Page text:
Working within a wide range of human behavior and demographics, Dr. Kate Balestrieri (@drkatebalestrieri) is a Licensed Clinical and Forensic Psychologist and Certified Sex Addiction Therapist Supervisor in California and Illinois. With over 3 years of clinical experience, Balestrieri specializes in building resilience and recovery from trauma, as well as substance abuse and addiction, intimacy disorders, eating disorders, and a variety of personality and mental disorders. She has a Doctorate of Clinical Psychology with a concentration of Forensic Psychology, and is the Co-Founder and Executive Director of Triune Therapy Group in Los Angeles, California.
Beauty By The Real: What inspired you to take a career path in Psychology?
Kate Balestrieri: “I’ve always been intrigued by what compels human behavior. I wanted to understand the motivations for the most benevolent and malevolent behavior, so embarking on a career in psychology, a second career for me, seemed like the best way to scratch that itch and make a living currently.”
BBTR: As we know, Dr. Daniel Kahneman came up with how we make decisions from two key areas; system one (fast/intuitive reactions that are emotional) and system two (thinking that involves rational analysis). When is being too emotional detrimental, and when is being too rational disconnecting in decision-making?
KB: “It’s the best to make decisions based on an integration of rational thinking and emotions. Emotions serve a crucial function of communication, and our thoughts and feelings are often in an inextricable feedback loop with one another. Making decisions from either polarity is to deny oneself critical information about any context, which may change the decision one makes. A good rule of thumb, in my opinion, is to make big decisions only when one’s feelings are well regulated, meaning they are proportionate to the context and do not feel too big to navigate, and when one does not feel numb or all in one’s head. A beautiful quote I read recently, although the author is unknown to me, says “Follow your heart, but take your mind with you”. That pretty much sums it up.”
BBTR: As Co-host a weekly talk radio called “Behind Closed Doors”, can you give is insight on what your show is about?
KB: “Our show is designed to be a platform for people to discuss issues that generally carry stigma, that might not feel comfortable discussing in social circles, or that they do not know. All of our topics are related to the main issues we treat at Triune Therapy Group: mental health, addiction, trauma, sex, and relationships. We want people to have access to information, and feel less isolated in asking questions or learning more about any of the topics we broach. The feedback we've received is stellar! People love hearing about the issues we bring to light, and often write in with additional questions. I’m an educator at heart, so curiosity fuels my life, and my passion is to share information with anyone who wants to learn.”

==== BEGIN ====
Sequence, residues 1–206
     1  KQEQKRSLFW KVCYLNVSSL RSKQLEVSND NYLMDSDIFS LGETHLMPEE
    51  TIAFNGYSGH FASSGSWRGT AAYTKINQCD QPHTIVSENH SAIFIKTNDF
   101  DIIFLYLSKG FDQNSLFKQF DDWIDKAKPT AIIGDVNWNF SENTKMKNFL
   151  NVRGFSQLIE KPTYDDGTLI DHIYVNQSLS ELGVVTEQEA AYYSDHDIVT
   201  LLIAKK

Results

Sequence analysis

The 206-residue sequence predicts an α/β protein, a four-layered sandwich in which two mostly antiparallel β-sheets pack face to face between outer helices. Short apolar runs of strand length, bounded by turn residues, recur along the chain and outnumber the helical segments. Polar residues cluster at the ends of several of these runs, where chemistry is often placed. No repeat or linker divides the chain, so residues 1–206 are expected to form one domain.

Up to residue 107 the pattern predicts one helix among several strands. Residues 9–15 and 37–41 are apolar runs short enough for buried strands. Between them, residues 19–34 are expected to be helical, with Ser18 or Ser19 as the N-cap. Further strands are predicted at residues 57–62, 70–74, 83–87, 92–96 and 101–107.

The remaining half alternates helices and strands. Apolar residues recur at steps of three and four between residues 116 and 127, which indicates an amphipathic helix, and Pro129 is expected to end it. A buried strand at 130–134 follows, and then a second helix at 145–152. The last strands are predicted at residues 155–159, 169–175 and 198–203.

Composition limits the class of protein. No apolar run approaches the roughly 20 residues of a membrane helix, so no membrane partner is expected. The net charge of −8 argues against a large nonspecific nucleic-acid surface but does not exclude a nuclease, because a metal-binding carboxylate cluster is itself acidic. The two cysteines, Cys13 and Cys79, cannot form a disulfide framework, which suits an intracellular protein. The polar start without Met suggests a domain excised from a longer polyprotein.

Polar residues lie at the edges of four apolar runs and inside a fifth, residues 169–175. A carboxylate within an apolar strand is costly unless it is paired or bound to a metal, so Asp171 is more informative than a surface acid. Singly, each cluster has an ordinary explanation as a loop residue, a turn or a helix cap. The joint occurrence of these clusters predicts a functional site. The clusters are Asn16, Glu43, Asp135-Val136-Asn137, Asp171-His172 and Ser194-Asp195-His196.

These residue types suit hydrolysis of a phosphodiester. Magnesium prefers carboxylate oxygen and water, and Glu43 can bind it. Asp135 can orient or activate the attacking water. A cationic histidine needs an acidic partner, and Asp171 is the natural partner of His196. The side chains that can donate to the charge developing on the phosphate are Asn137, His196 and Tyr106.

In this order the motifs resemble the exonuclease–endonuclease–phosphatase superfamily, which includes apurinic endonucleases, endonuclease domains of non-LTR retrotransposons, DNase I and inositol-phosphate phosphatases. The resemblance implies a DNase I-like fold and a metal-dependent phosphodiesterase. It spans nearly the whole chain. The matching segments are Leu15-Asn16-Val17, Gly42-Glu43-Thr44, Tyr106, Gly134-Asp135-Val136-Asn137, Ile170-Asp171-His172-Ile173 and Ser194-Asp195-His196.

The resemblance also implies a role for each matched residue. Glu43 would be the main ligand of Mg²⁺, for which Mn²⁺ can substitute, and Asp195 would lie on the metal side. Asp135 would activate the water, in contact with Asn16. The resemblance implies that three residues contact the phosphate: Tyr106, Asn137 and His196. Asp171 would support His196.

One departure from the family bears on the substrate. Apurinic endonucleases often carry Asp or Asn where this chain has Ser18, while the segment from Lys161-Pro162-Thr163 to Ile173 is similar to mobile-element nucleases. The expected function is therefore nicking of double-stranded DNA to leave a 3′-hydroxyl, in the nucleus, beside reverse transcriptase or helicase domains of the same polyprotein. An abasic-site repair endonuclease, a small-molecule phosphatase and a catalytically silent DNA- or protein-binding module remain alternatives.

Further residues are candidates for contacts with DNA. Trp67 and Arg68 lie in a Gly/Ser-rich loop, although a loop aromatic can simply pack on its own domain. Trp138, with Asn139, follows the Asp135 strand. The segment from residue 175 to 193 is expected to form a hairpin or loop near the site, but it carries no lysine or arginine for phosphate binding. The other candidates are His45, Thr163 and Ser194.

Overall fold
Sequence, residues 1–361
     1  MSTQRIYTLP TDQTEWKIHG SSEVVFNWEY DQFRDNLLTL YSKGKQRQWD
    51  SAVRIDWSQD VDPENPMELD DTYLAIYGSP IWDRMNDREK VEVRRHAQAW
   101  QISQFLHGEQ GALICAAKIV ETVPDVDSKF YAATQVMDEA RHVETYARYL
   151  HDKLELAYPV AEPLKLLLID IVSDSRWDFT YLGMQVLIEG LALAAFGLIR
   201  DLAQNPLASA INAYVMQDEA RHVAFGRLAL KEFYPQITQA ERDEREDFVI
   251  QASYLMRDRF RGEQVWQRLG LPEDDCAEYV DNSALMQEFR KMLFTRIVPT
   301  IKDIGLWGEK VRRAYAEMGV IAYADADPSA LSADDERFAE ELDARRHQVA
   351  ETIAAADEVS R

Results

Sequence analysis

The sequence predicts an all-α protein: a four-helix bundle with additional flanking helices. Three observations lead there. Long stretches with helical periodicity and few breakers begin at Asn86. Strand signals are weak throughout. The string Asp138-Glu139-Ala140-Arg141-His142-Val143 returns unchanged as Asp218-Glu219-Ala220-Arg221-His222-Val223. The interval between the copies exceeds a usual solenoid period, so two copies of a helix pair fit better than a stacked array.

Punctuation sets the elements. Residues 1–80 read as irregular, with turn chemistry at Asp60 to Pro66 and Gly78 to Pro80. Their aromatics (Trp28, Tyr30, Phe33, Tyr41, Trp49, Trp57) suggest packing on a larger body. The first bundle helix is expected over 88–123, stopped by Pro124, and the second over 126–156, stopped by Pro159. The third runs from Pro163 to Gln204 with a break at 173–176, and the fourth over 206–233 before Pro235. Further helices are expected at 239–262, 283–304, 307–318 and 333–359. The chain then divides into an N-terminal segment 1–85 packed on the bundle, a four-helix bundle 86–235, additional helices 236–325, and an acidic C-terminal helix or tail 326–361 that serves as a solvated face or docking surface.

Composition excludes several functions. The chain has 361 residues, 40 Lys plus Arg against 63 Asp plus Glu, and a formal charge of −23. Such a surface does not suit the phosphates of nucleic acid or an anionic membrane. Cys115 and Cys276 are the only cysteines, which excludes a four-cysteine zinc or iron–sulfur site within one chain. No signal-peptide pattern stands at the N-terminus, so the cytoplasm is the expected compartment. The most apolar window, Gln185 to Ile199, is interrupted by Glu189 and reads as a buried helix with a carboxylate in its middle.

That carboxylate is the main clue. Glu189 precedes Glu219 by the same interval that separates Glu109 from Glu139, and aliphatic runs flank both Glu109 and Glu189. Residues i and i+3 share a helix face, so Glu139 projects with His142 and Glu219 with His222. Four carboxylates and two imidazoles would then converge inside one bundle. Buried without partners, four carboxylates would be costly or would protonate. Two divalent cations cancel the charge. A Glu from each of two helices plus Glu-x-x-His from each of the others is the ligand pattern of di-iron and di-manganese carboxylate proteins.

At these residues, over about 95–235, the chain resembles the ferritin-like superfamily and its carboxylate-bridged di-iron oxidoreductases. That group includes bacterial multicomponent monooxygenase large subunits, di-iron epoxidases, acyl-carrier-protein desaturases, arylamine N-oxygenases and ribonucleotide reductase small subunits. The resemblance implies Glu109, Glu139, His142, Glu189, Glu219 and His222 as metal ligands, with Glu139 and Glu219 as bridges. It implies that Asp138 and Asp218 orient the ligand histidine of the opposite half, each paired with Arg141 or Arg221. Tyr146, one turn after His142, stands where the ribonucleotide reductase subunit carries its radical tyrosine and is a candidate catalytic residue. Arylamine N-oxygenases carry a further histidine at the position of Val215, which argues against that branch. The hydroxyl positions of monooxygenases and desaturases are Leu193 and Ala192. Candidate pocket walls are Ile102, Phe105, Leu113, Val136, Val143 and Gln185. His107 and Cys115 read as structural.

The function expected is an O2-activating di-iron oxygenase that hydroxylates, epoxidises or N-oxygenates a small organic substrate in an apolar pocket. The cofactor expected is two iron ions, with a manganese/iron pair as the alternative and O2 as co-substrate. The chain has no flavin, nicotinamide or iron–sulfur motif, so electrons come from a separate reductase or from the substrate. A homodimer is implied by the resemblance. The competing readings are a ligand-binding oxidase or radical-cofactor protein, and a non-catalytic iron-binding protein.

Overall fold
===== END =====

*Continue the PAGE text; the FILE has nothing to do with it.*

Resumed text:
BBTR: How did you and Co-Host Lauren Dummit meet?
KB: “Funny story. I had just moved to L.A. from Chicago in 2014, and we both were in Kansas City, Missouri for the second module of our Certified Sex Addiction Therapist Training (through IITAP). Everyone had to introduce themselves, and I made my standard joke about being a recovering vegetarian, which went over well at an addiction training. Lauren chuckled to herself, as she often introduced herself with the same language, and everyone kept telling us we had to meet, given that we were the only two therapists from LA at a training. We met and become fast friends. We realized how similarly we practiced and joked about opening our own group practices someday, and two years later we did just that. It has been a wonderful ride together, and I couldn’t ask for a better business partner in our practice and on our show.”
BBTR: What is the funniest blooper/ most embarrassing moment you and Lauren had on air?
KB: “Oddly, we haven’t had too many gaffes. There was one instance when we were interviewing Debra Kaplan, one of my mentors, about narcissism and Lauren and I did not know who was going to ask the next question, so we just had a long pause of dead air. Luckily our sound engineer has a mean thumb for editing, so I don’t think it aired as awkward as it sounded in the studio.”
BBTR: What was the impetus with you and Lauren starting Triune Therapy Group?
KB: “We both have an affinity for treating trauma, and all that is born out of unresolved trauma, recognizing that a somatic approach is often required for people to fully heal. We also wanted to create a home base for our work, and we were both juggling our small private practices with work at various treatment centers. We wanted to cultivate a therapeutic space where other clinicians could grow and have community, as the work of a therapist can be very isolating, in that the professional relationship a therapist has with a patience is one sided by design. We both wanted to have more work/life balance, and to be able to innovate where we saw opportunities to do so, which is difficult to do when working for another organization.”
BBTR: You’re also in the mist of writing a book called “F*ck You, F*ck Me: Rage, Sex, and Money in Relationships in Society”. If you had to summarize the book in one excerpt, what would it be?